I have no first cousins. My brother and me are the only grandchildren of both sets of our grandparents. Our cousin-counting technically starts with second cousins, or properly, in some instances if we had any, first cousins-once removed - we don't have any. There is a nomenclature amongst genealogists, some of whom follow it with zeal and precision while others are lazier in their observance of the proper rules and terms. The person I casually referred to as my cousin is technically my third cousin-once removed. I am his second cousin-twice removed. Some people might call us fourth cousins. We share a common ancestor - Annie Collins. Annie Choate Brawner Collins was his great-grandmother. She was my great-great-grandmother. She lived at the fork between E. Main and Broadway, just east and opposite the Capitol Avenue bridge in downtown Frankfort. I've written about her before here on the blog. Whatever the technical relationship, in my family we're simply called cousins. And I have a lot of them.
Before I left Frankfort, I stopped in my favorite Frankfort coffee shop, the Kentucky Coffeetree Cafe, located across Broadway from the Old Capital Annex. It is a ritual of mine although I've never been in there this late on a Friday. The time was about 6:30 p.m. There was a band setting up while I was there which was to be performing tonight to a sold-out house. Now, to be honest, there probably aren't 30 seats in the house, so selling it out shouldn't be difficult. For Louisvillians, the best way to describe the Kentucky Coffeetree Cafe is that of a true combination Heine Bros. - Day's - Old Louisville - Sunergos coffeshop with a little Rudyard Kipling thrown in for music. It is quickly becoming a cultural center for downtown Frankfort.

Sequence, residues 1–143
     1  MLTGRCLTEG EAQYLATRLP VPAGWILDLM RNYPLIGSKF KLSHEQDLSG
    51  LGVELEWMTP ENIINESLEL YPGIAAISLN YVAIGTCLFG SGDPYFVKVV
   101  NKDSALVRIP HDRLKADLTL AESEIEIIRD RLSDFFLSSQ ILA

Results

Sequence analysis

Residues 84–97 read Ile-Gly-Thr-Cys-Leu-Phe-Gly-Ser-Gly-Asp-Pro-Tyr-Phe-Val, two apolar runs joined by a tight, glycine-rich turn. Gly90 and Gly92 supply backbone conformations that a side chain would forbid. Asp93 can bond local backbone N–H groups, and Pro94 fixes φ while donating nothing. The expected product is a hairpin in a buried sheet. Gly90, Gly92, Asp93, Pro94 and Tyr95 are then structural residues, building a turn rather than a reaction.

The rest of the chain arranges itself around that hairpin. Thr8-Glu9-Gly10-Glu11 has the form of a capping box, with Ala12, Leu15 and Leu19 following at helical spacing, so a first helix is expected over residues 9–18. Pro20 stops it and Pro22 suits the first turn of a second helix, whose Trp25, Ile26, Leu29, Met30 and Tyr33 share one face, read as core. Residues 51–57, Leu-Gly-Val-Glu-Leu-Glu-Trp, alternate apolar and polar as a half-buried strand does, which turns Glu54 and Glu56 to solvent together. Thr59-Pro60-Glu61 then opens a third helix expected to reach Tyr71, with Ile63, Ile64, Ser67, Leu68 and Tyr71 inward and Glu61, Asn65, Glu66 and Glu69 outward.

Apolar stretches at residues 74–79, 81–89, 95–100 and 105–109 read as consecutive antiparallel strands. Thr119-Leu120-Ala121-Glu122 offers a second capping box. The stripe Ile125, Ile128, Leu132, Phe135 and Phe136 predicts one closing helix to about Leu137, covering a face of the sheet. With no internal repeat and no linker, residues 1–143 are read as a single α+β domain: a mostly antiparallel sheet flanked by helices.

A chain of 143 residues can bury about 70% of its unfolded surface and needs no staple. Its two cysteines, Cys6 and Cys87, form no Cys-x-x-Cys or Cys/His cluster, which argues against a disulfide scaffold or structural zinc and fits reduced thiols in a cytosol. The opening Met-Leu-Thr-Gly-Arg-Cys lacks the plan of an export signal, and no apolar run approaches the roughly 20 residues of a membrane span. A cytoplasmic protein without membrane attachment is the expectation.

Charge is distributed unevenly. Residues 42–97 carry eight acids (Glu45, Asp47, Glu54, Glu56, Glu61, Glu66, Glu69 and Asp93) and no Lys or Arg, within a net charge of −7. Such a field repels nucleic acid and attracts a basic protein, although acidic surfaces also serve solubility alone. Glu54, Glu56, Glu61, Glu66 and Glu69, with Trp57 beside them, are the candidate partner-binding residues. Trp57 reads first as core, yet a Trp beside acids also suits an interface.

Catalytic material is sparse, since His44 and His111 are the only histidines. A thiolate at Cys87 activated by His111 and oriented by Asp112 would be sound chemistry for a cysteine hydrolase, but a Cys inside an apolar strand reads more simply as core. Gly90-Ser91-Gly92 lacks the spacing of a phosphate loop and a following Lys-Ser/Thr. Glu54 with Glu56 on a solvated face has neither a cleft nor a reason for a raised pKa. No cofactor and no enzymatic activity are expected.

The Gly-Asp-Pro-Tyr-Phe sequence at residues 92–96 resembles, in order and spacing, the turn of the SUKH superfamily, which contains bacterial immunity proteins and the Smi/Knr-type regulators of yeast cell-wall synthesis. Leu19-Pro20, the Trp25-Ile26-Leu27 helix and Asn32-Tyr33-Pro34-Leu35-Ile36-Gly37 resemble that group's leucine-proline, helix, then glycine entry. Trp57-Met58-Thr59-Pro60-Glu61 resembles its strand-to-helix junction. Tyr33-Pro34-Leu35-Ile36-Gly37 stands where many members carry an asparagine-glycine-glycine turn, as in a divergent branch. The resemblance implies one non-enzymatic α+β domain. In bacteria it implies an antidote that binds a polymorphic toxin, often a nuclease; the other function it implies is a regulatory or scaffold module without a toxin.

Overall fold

Tonight's band is The Farewell Drifters, based in Nashville, Tennessee. With one exception, they all looked about 22 years old to me - with one older. The promo picture at right reminds me of a Procol Harem promo pic from the 1960s. They have a website - thefarewelldrifters.com. The warmup was a very mellow combination of folk music and bluegrass picking, played a little too loud but I am sure with a full house it won't be. I wish I could have stayed and the truth is I probably should have. As a Jackson Browne devotee, I am sure, based on the fifteen or so minutes I was listening, that I would have liked their performance. Here is some copy from their bio:
"Zach Bevill (guitar, lead vocals) and Joshua Britt (mandolin, vocals) write eclectic folk songs unbound by tradition, yet invariably influenced by it. Add the rest of the Drifters – Clayton Britt (lead guitar), Christian Sedelmyer (fiddle), and Dean Marold (upright bass) – and you have a delightful synthesis of folk pop and traditional string band music that appeals to a wide range of listeners."
The coffeehouse itself has a website - kentuckycoffeetree.com. Those of you into indi music should check out their show schedule. Just remember, the seating is very limited. Also, they have a varied food menu and their beverage list isn't limited to coffee. There is also beer and wine, and being Kentucky, Ale-8-One in a bottle.
Another reason Frankfort is my favorite little capital city.